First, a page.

3 Explosive Growth Stocks to Buy in 2023 and Beyond
Technology stocks were the cool kid in school a couple of years ago, but the fall from grace has been brutal in this bear market. Admittedly, 2022 was rough, but that doesn’t mean that growth and technology stocks won’t eventually enjoy their time in the sun again.
Now is a great time to be accumulating shares; a quality stock that’s fallen 50% means that your money is buying twice as many shares as a year ago — that is the type of bargain hunting that can make you very wealthy in the long run. Here are three great stock ideas for today and beyond.
An emerging advertising power
The U.S. Department of Justice filed an antitrust lawsuit against Alphabet for its dominance in the digital advertising space; The Trade Desk (TTD 2.19%) could be a potential winner in the aftermath, though it’s not as if the company’s needed help growing. The Trade Desk is a cloud-based demand-side ad exchange that lets advertisers create ad campaigns.
Digital advertising has long been dominated by companies like Alphabet, which are walled gardens. You play by their rules and get no data beyond what Alphabet (or others like Meta Platforms) allow. The Trade Desk gives advertisers more control, which has helped the company grow enough to triple revenue over the past few years. Additionally, The Trade Desk is very profitable, turning $0.32 of every revenue dollar into free cash flow.
The stock has fallen more than 50% from its high, valuing it at a price-to-sales ratio (P/S) of 17. That’s about what it traded at before the COVID-19 market bubble. Precedence Research estimates that the digital ad market could double by 2030 to $1.25 trillion, meaning that The Trade Desk’s growth opportunities remain intact moving forward.
A company striking down cyberthreats
Cybersecurity has become a huge and expensive problem for enterprises; according to IBM, the average global data breach costs more than $4 million, and that cost doubles for breaches in the United States. CrowdStrike Holdings (CRWD 2.37%) is among a new generation of companies offering solutions that can keep up with evolving cybersecurity threats.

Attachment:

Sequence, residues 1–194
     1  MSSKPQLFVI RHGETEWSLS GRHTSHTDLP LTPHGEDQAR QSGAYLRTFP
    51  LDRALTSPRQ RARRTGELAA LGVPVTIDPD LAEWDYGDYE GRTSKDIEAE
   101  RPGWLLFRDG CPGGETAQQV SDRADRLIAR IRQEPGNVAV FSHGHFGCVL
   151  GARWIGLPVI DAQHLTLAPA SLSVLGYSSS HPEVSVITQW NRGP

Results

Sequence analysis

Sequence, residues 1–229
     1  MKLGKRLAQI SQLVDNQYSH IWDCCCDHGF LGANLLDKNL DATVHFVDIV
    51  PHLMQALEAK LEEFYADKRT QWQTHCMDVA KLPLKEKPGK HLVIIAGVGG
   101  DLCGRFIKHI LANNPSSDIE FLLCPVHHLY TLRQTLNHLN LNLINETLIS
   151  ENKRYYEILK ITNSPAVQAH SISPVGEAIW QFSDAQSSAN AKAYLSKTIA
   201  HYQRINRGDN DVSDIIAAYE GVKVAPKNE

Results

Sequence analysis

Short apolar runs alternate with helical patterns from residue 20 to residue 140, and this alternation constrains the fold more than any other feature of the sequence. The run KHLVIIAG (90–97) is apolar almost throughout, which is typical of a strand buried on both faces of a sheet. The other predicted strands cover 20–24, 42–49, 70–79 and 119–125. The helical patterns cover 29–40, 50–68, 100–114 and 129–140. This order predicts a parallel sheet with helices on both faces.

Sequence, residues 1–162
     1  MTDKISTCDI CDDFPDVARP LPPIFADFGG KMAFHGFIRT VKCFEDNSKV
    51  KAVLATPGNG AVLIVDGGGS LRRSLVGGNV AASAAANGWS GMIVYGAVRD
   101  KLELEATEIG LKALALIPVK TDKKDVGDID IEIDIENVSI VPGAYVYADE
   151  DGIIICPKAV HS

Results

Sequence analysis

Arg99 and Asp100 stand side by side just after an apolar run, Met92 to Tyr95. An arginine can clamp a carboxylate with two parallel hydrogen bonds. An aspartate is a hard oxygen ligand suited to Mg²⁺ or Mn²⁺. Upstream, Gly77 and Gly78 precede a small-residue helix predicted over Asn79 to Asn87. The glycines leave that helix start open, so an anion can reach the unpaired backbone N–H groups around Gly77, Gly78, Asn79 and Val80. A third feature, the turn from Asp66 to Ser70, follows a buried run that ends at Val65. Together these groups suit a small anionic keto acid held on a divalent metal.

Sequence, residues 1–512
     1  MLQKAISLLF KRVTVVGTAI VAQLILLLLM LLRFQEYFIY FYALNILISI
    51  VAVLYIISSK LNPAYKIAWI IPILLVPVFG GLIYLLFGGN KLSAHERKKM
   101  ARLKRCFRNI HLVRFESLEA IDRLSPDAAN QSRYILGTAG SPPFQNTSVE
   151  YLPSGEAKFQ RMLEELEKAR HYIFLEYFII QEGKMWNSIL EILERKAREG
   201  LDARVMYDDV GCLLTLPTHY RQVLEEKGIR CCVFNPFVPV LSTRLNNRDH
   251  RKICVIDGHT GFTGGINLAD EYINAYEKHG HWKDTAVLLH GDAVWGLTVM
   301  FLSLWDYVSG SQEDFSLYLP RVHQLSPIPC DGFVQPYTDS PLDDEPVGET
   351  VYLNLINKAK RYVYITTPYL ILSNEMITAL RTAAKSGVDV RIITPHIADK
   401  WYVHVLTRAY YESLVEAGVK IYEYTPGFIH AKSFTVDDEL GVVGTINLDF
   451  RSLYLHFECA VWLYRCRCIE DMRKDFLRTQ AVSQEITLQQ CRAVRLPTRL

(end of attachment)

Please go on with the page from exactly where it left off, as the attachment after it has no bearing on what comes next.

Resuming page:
CrowdStrike’s security is cloud-based, so it can update in real time. Traditional antivirus software is installed locally on a device and then receives periodic updates. That’s great unless the software hasn’t seen a threat before and can’t detect it. The product quality shows up in CrowdStrike’s growth; revenue surpassed $2 billion over the past 12 months, and analyst estimates call for at least 30% revenue growth over the next four years. The business is asset-light, generating $594 million in cash profits, a 29% conversion rate.
But shares have plummeted more than 60% from their high despite continued (and profitable) growth. The stock is now valued at a P/S of less than 12, its lowest since the company went public in 2019. Given the company’s growth and strong financials, the stock’s bright future makes the current decline an opportunity worth considering acting on.
A Warren Buffett technology stock
Famed investor Warren Buffett typically avoids technology stocks (outside of Apple) but found a space for Snowflake (SNOW 2.35%) in Berkshire Hathaway‘s portfolio. Snowflake operates a cloud-based platform that lets businesses store and analyze data. Many companies want to use data but don’t want to store it locally, or maybe the data is disorganized or comes from many different sources. Snowflake’s platform solves all of these problems.
The interesting thing about data is that it doesn’t necessarily expire; it can be stored and referenced as far back as needed. Additionally, more data is constantly being created. All the world’s data totaled approximately 50 zettabytes in 2020 but could triple by 2025. In a way, it’s an addressable market that almost grows infinitely. Snowflake’s annual revenue is approaching $2 billion (free-cash-flow profitable), and management is targeting $10 billion in revenue by fiscal 2029.
Once again, a growing company with a bright future has seen its stock decimated in this market. Shares have declined 60% from their peak and now trade at a P/S ratio of 26. That valuation is still among the highest on Wall Street, but it at least leaves room for returns if Snowflake delivers on its long-term revenue guidance.
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